The founder of the “Beam Dynasty” Jacob Beam and his wife Mary had 12 children with eight boys and four girls. David Beam was the third son and fifth oldest child born in 1802 in the newly formed Commonwealth of Kentucky in what was then Washington County. The three oldest of Jacob’s sons continued on in the Bourbon trade, Jacob Beam, Jr. (1787-1844), John Beam (1798-1834) and David Beam (1802-1854). But it was his son David Beam that helped him most in the whiskey business.
David Beam was as smart as a whip and learned from the industrial revolution going on around him. His father named him the “Distillery Manager” in 1820 and he expanded the distillery from a modest family business into a good sized factory, naming it the “Old Tub Distillery.” He also had them transition from Pot Stills to Column stills, becoming one of the first companies to use Column stills in 1820. At the age of 20 in 1822, just two years after expansion, Jacob turned over the ownership of the distillery and the business to David.
In 1824 David married Elizabeth Settle and they had nine children; Joseph B. Beam (1825-1916), Jacob L. Beam (1826-1902), Martha Beam (1831), David M. Beam (1833-1913), Sarah M. Beam (1835), John H. “Jack” Beam (1839-1915), Issac Beam (1837-1904), Nancy E. Beam (1941) and George W. Beam (1943-1920). During the 1830’s David started employing steamboats to transport their whiskey to major river cities throughout the Mid-West including; Louisville, Cincinnati, St. Louis, Chicago, Milwaukee and Pittsburgh and South including; Nashville, Memphis and New Orleans. Throughout the 1840’s, David used the power of railroad trains to sell their Bourbon to many major and medium cities throughout the Mid-West, Northeast and spreading out across the eastern half of the United States. After the death of Elizabeth Settle, David remarried a woman named Elizabeth Cheatham and had two more children, William P. Beam (1848-1933) and Emily Beam (1849-1938).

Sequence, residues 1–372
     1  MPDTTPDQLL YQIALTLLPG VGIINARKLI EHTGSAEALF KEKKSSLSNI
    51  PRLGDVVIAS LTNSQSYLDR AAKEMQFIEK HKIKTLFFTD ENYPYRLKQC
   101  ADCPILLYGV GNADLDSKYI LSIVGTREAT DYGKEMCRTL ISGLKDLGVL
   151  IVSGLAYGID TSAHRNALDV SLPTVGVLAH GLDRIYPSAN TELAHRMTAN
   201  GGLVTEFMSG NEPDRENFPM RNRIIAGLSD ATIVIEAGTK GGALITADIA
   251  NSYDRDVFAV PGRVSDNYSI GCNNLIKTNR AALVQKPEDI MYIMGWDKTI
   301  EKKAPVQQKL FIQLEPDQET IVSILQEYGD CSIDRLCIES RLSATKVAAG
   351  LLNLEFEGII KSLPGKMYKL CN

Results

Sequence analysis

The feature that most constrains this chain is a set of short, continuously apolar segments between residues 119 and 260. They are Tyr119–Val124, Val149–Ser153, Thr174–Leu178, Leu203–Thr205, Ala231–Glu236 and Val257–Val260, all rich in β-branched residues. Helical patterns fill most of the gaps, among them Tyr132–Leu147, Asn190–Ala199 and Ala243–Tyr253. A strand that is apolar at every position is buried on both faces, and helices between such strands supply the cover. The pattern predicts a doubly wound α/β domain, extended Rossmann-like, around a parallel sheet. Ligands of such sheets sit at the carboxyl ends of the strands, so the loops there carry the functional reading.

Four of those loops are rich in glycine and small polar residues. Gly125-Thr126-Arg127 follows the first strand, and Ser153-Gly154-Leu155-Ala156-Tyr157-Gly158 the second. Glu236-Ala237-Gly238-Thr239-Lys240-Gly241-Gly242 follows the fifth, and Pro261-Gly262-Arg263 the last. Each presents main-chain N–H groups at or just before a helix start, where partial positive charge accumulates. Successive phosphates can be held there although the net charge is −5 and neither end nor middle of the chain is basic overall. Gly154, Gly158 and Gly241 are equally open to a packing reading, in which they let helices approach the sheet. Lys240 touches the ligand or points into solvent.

Three of David’s four sons went on to become Master Distillers. Joseph B. Beam, David M. Beam and John H. “Jack” Beam all followed their father David and went into the Bourbon business as a career. Their third son David M. would continue the families business and go on become president of the “Old Tub Distillery.” (Another founder page will discuss David M.)
The oldest of David’s sons was Joseph M. Beam, born in 1825. He and his wife, Mary Ellen, had fourteen children and at least two of his sons continued the family legacy of making Bourbon. The older of the two was Minor Case Beam, who worked at several distilleries before buying an interest in the F.M. Head Distillery in southern Nelson County, which was eventually renamed the M.C. Beam Distillery in his honor. In 1910 he sold his plant to the distillery which began making Yellowstone Bourbon at that facility. Guy Beam, worked at a number of Kentucky distilleries before and after Prohibition and was instrumental in the growth Old Crow and Old Grand-Dad bourbons. During Prohibition, he worked at the Canadian Club distillery.
The youngest son of David Beam to go into the Bourbon trade was John H. "Jack" Beam, born in 1839. He was 14 years younger than his oldest sibling Joseph M.
Jack left the “Old Tub Distillery” after working at his father's distillery for eight years from age twelve to twenty-one. At the age 21 he ventured out on his own and built his a plant near Bardstown in 1860. That endeavor was successful for many years, but he lost financial control of it during the bank panic of 1880. Yet he stayed on as the “Master Distiller” until his death in 1915, at the age of 75.
The name of Jack and his son Edward's distillery, and the name of the whiskey they made there, was Early Times. Eventually that brand was acquired by Brown-Forman. When Brown-Forman built a new distillery in 1955, in the Louisville suburb of Shively, Kentucky they named it after what was by then the world’s bestselling whiskey brand. Early Times continues to be a top 20 selling whiskey throughout the world.
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